Since he is little, Stephen shows a deep appreciation of esthetics as he perceives the world through his senses. He consider the way his bed “is warm then it gets cold” as he wets it and “the queer smell” of the oil sheet his mother put on (Joyce 5). He pays great attention to sounds and smells such as how the burning of a lit gas makes “a light noise like a little song” (Joyce 9). His fondness of language can also be seen early on as he contemplates on the way draining water makes a “suck” sound (Joyce 8) or when he takes the holy communion pondering on “the word was beautiful: wine” (Joyce 39). It is in these moments we see Stephen’s appreciation for beauty, feelings, and the sounds of words alike. Stephen’s ...
... middle of paper ...
...d to objectively evaluate what went wrong, however, is a rather idealistic notion. While it would make for a soul-comforting ending, the truth is, in real life people rarely come to enlightened conclusions. Therefore the way Joyce chose to end the novel can be hardly held against him and it is left up to us as the reader to decide on our interpretation of Stephen’s victory or the lack of thereof.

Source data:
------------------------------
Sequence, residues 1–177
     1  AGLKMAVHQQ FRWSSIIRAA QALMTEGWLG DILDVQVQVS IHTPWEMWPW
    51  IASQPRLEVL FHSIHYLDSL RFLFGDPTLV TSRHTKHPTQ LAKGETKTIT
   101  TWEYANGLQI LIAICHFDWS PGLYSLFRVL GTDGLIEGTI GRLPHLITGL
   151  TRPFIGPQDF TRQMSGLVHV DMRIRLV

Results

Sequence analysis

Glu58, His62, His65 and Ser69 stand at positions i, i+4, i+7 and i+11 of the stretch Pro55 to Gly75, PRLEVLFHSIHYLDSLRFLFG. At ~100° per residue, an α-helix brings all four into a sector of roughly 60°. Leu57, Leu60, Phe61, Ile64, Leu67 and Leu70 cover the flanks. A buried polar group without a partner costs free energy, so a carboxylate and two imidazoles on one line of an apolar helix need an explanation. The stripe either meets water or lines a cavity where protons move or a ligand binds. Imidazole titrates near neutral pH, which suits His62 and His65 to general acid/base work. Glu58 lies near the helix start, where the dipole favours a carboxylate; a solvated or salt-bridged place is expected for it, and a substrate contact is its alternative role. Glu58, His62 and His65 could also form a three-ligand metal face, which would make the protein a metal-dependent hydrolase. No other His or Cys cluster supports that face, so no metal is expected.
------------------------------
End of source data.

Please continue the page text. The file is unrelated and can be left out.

"cunning." Collins English Dictionary - Complete & Unabridged 10th Edition. HarperCollins Publishers. 18 Sep. 2011.
Joyce, James. A Portrait of the Artist as a Young Man. Oxford University Press Inc., 2008. Print.
Trosch, David C. Make All Things Right with God. 3rd. Mobile, AL: LEU Publications, 2008. Life Enterprises Unlimited. Web. 17 Sept. 2011.
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